My daughter, Keisha, can be easily identified from other babies of her age through her birthmark which was frequently mistaken as a wound. It started to appear 2 weeks after her birth. It was just a small flat red mark in between her lower left eye and her upper right cheek. Thinking that it was a mosquito bite, I was not worried. Days and weeks passed, the mark grew bigger and more reddish.
Just in time with her first monthly check-up, I seek the help of an expert-her pediatrician for medical advice. Unfortunately, the doctor was not able to give a concrete explanation on what was on my daughter’s face. She only advised me to observe if it will disappear or if it will grow bigger. Feeling dissatisfied with her explanation, I looked for another doctor who can possibly give me a more sound clarification with the lesion on Keisha’s face.
With the help of my husband’s cousin we were able to find a new pediatrician in the name of Dr. Galvez in Taytay, Rizal. According to him, the mark on my daughter’s face is a birthmark called hemangioma. Well, finally, I was enlightened that it was a birthmark. I was not aware that there were birthmarks occurring after birth. And my daughter’s case was one of those. A hemangioma is an abnormal build up of blood vessels in the skin.
It has three types:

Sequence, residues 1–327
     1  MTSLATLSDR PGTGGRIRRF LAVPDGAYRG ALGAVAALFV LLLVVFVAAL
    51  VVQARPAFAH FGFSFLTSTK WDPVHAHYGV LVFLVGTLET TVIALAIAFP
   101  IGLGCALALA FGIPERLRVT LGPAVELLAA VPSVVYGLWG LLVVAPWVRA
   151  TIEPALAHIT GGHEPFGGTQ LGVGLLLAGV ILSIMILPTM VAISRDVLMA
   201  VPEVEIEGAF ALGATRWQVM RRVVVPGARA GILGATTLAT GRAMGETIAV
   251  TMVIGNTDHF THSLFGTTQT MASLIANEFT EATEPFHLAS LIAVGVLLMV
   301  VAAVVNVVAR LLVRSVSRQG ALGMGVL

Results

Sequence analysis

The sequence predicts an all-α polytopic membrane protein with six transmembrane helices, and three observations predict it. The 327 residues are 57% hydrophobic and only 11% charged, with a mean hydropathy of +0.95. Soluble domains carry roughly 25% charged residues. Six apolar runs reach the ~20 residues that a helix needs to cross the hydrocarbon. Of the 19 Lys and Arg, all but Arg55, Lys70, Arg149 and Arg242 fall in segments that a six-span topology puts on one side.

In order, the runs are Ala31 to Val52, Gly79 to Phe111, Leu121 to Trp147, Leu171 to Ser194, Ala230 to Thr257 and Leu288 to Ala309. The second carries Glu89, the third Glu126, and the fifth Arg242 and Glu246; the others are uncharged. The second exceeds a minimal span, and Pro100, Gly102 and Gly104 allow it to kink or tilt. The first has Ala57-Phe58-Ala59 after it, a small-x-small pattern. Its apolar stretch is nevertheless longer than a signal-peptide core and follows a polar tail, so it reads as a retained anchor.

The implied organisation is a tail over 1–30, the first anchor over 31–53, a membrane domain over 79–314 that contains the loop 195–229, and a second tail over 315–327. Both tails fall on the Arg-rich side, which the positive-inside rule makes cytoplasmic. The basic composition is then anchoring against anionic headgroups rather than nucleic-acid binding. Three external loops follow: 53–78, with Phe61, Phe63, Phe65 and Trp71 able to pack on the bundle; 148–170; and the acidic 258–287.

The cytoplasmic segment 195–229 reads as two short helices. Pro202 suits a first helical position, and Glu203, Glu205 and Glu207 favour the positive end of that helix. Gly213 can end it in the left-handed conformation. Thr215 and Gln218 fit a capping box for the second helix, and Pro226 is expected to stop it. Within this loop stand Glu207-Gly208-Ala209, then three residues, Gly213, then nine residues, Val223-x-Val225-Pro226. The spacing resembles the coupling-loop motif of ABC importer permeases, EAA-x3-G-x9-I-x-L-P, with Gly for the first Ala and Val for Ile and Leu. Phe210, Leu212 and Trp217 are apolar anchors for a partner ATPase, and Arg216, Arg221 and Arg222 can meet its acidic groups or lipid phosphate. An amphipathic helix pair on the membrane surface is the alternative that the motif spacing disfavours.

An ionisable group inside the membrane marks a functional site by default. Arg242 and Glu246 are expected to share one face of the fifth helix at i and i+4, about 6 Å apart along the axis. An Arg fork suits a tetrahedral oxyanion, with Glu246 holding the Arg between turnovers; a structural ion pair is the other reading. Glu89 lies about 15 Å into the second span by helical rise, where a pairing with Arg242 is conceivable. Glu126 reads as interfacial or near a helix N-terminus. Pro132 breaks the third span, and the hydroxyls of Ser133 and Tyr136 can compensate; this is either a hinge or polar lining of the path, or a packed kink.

1. Nevus flammeus – a macular purple or dark red lesion that is present at birth. It is sometimes called a port-wine stain because ot its deep red color.
2. Cavernous hemangiomas – dilated vascular spaces that do not disappear with time.
3. Strawberry hemangiomas – elevated areas formed by immature capillaries and endothelial cells. Most are present at birth, although, they may appear 2 weeks after birth. They may continue to enlarge from their original size up to 1 year of age. After the first year, they tend to be absorbed and shrink in size. (source: Maternal & Child Health Nursing by Adele Pillitteri)
Categorically speaking, what Keisha has is a strawberry hemangioma. Formation of it is associated with my high estrogen level during pregnancy. But, in contrast with the other types, strawberry hemangiomas tend to lighten and fade with age. With my observation, her birthmark has stopped increasing in size and has already started shrinking. The middle part is not that red anymore unlike before. I will patiently wait until it’s completely gone. But, for now, honestly, I’m not bothered with the red mark on her face . I don’t find my daughter imperfect nor disfigured just because of it. I love her dearly and I’m just thankful to God that I have her in my life.